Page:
Dual Power Is Not Passive
by Fiona M.
This text was written as part of the LSC Pamphlet Program: as such, it will also be available in a format for online reading and one for printing. The post reflects only the opinions of the author(s) and not the consensus of the Libertarian Socialist Caucus. Please print and share as far and wide as you can!
There is a critique of dual power which suggests it is a passive strategy, asking us to delay confronting capital and the state and, essentially, procrastinate on the revolution. Such critics argue that the system we live in is too powerful for any counter-state institution or network of institutions to stand against anyway; therefore, consciously attempting to build dual power, while not necessarily bad, is ultimately a distraction and not a serious revolutionary strategy.
Where I differ from these critics is that I see our current system as much closer to failing, with or without our assistance (although of course the clock is ticking here). In truth, it is losing power and legitimacy faster than I dreamt. I absolutely think an international network of working class counter-state institutions, each grounded in accountability to their community and unflinching in their solidarity and purpose, will in fact be able to stand in the face of almost any attack. And at this moment in time, we (and I mean the broadest possible "we" here) are being presented with the opportunity - like never before, and probably never again - to build exactly that. It’s an invitation we should accept.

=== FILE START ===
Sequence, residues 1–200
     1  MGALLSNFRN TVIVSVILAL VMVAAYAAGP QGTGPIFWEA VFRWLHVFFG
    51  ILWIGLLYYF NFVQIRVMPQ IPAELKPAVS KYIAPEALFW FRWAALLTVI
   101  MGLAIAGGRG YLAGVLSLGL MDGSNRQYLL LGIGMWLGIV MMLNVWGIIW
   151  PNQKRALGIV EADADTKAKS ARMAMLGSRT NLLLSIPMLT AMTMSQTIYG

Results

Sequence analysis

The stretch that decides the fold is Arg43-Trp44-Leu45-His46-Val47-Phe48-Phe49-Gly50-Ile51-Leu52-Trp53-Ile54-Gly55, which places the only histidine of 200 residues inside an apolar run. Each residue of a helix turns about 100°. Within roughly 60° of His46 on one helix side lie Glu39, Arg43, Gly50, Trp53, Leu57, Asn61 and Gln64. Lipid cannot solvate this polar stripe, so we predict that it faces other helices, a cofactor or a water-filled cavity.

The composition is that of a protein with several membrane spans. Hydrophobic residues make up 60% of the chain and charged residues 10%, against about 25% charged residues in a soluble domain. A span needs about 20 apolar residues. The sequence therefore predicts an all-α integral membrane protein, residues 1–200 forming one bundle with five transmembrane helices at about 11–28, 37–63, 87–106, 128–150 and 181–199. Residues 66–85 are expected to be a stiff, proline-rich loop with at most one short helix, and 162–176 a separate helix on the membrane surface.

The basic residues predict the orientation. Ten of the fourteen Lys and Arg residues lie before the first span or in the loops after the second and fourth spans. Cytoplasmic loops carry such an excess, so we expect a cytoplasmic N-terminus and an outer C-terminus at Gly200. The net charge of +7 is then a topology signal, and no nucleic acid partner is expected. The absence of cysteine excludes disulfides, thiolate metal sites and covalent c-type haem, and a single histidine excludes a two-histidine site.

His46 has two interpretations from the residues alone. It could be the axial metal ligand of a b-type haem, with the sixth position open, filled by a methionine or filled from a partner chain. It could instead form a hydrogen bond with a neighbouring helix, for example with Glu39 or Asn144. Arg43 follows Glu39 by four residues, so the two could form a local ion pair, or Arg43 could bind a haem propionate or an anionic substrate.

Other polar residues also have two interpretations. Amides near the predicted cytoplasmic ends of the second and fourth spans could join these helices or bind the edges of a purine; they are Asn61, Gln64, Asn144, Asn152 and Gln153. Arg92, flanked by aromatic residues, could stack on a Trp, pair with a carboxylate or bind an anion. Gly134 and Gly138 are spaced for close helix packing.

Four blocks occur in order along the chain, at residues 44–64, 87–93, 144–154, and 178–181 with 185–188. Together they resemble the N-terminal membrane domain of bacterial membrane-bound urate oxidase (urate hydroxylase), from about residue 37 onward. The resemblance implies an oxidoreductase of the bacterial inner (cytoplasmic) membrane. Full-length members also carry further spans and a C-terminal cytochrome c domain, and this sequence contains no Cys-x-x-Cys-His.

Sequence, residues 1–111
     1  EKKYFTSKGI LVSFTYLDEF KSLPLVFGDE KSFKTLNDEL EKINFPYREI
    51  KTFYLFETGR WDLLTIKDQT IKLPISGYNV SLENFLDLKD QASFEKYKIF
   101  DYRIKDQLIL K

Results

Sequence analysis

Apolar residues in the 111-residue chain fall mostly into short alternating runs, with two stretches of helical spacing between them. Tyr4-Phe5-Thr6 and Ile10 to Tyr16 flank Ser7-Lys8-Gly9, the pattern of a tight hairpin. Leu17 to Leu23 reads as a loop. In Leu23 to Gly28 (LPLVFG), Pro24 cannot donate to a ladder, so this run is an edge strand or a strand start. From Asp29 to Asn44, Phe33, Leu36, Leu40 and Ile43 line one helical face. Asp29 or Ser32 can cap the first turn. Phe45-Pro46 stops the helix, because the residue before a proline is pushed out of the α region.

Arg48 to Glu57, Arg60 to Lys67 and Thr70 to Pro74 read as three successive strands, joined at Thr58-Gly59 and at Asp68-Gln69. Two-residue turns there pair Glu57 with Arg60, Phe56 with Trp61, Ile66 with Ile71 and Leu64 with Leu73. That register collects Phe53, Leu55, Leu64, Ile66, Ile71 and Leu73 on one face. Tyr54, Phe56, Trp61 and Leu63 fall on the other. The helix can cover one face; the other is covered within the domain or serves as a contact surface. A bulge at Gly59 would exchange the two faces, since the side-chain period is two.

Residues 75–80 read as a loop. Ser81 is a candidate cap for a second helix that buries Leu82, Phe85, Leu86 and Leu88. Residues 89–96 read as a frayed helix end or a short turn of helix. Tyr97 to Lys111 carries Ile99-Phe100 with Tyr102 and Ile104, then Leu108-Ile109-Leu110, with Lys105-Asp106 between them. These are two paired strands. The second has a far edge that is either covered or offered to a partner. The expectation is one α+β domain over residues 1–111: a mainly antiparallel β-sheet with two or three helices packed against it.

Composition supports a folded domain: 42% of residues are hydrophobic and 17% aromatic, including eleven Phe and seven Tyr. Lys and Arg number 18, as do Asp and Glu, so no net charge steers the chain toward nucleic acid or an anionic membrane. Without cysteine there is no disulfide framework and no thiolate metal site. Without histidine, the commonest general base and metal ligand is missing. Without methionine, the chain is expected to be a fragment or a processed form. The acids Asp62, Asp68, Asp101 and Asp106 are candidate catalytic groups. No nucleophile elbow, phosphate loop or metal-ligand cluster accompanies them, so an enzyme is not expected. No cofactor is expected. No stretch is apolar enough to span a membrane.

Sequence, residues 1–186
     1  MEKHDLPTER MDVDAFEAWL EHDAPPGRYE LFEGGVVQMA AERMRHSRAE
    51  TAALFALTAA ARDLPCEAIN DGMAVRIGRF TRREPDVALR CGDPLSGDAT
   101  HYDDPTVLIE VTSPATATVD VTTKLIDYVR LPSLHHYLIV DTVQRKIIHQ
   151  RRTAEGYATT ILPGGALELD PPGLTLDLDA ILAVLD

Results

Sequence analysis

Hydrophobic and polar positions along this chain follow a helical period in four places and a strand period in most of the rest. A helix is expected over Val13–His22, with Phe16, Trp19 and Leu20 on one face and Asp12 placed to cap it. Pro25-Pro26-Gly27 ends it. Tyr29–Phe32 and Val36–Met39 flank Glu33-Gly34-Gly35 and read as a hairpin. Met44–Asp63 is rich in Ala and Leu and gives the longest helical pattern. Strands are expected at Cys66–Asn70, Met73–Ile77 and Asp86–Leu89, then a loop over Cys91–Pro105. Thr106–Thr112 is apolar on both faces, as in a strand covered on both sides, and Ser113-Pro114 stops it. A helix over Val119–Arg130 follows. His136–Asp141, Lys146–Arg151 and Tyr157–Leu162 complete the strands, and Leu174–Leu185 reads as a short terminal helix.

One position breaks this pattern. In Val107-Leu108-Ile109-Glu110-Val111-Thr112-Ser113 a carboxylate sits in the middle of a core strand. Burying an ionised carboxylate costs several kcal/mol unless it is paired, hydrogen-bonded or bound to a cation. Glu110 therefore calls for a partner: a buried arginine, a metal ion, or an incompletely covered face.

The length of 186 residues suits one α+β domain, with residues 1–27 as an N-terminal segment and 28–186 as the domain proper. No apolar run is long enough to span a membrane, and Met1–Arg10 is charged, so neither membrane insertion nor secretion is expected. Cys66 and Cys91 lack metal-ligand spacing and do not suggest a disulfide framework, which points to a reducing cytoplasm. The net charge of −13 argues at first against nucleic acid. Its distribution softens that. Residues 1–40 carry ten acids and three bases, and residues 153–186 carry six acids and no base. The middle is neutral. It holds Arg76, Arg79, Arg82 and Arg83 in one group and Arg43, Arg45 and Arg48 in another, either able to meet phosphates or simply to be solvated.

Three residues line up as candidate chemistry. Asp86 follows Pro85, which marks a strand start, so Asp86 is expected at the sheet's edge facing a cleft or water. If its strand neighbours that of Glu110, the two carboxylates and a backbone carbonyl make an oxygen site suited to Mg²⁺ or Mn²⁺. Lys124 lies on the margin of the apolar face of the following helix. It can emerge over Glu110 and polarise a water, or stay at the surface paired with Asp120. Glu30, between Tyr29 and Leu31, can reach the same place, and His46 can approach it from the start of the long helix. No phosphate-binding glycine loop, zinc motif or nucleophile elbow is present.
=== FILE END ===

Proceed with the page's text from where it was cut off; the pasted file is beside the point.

We face a rabid, cornered beast with the devil's strength, but no matter how it snarls or how wide its arc of bloody destruction, it can't live forever - because it's already dying. We need to be building now because the current system will be falling soon. Dual power strategy doesn't say, "Hey, wait until you've built something equally powerful to the prevailing system and then act." It says, "Act act act - but also build build build. And our building empowers action, which helps us to keep building."
Something terrible dying doesn't mean something better will replace it. If we expect there to be a future, we must plan for one. And one day, if anything is left at all, we will look back on the ashes of the world that was, as we stand firm on the ground of the world that will be, and on that day this will all make sense. But for now, it's a goddamn mess, so we just have to keep experimenting and innovating, being passionate and angry and bold, and not narrow the possibilities of how we will get to that day.